If the MOD leaves St Georges Barracks, our heritage is at risk as it is bulldozed. This blog aims to document some of the extraordinary history of RAF North Luffenham and RAF Woolfox Lodge (the satellite airfield for the station). Woolfox may also be developed. So here is my research and views on our heritage and how we could honour the fallen. The site is a battlefield and should be recognised as such. Lest we forget. All views are my own and are not attributed to any group or organisation. I am an amatuer historian, so please accept my apology if any detail is inaccurate or you detect errors. If you have knowledge, views, questions or can help you are welcome to contact me by hitting the button on the menu 'Contact me or volunteer'. Thank you. Per Ardua
One of the war graves in North Luffenham churchyard is that of Squadron Leader Dickson, Royal Canadian Air Force (RCAF). This airman clearly had an eventful career flying in the Royal Air Force and Royal Canadian Air Force. His service started on October 23, 1940 and appears to have continued until his death on 26 July 1953.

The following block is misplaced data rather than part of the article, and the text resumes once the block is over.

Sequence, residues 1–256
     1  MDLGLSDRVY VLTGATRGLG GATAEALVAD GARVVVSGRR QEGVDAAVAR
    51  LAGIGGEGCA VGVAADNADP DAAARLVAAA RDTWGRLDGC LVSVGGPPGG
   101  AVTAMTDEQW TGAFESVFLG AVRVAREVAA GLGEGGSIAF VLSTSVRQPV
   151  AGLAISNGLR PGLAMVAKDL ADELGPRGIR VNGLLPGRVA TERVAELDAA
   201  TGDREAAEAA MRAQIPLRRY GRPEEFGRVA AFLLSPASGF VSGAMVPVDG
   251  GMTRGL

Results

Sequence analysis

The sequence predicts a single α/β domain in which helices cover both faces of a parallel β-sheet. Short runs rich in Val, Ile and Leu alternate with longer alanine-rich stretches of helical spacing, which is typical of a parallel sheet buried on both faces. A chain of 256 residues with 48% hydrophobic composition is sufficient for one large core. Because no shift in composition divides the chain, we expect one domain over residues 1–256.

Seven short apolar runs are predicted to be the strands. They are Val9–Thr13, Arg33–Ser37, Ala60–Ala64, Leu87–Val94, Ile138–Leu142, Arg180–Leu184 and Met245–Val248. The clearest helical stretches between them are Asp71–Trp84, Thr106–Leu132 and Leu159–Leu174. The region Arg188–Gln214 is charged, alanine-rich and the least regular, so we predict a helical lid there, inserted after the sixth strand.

Commissioned in Jun 1942. I have not verified the fact, but it appears his cause of death was polio. There were global epidemics in the 50s of polio. it seems cruel that having survived many operational sorties, night fighters, bad weather and all the other hazards associated with military operational flying that he was cut down by what we now see as preventable disease.
The citation for his Air Force cross is shown below. I have not yet been able to ascertain how many hours he had recorded in this logbook, but clearly flying Wellingtons on operations in 57 Squadron RAF and being awarded his distinguished flying medal (DFM) must be an interesting story.
Followed by the award of a distinguish flying cross (DFC) flying Halifax’s on 419 Squadron also must have many stories. He also received mention in dispatches. I’ll try and see if I can find the citations for these decorations.
it also appears that Dixon had another connection with North Luffenham on 8 October 1942 when he was piloting Wellington X3 719 which hit a power line near North Luffeham. Heavy damage was caused to the aircraft nose, both propellers and starboard main plane but he was not court-martialled.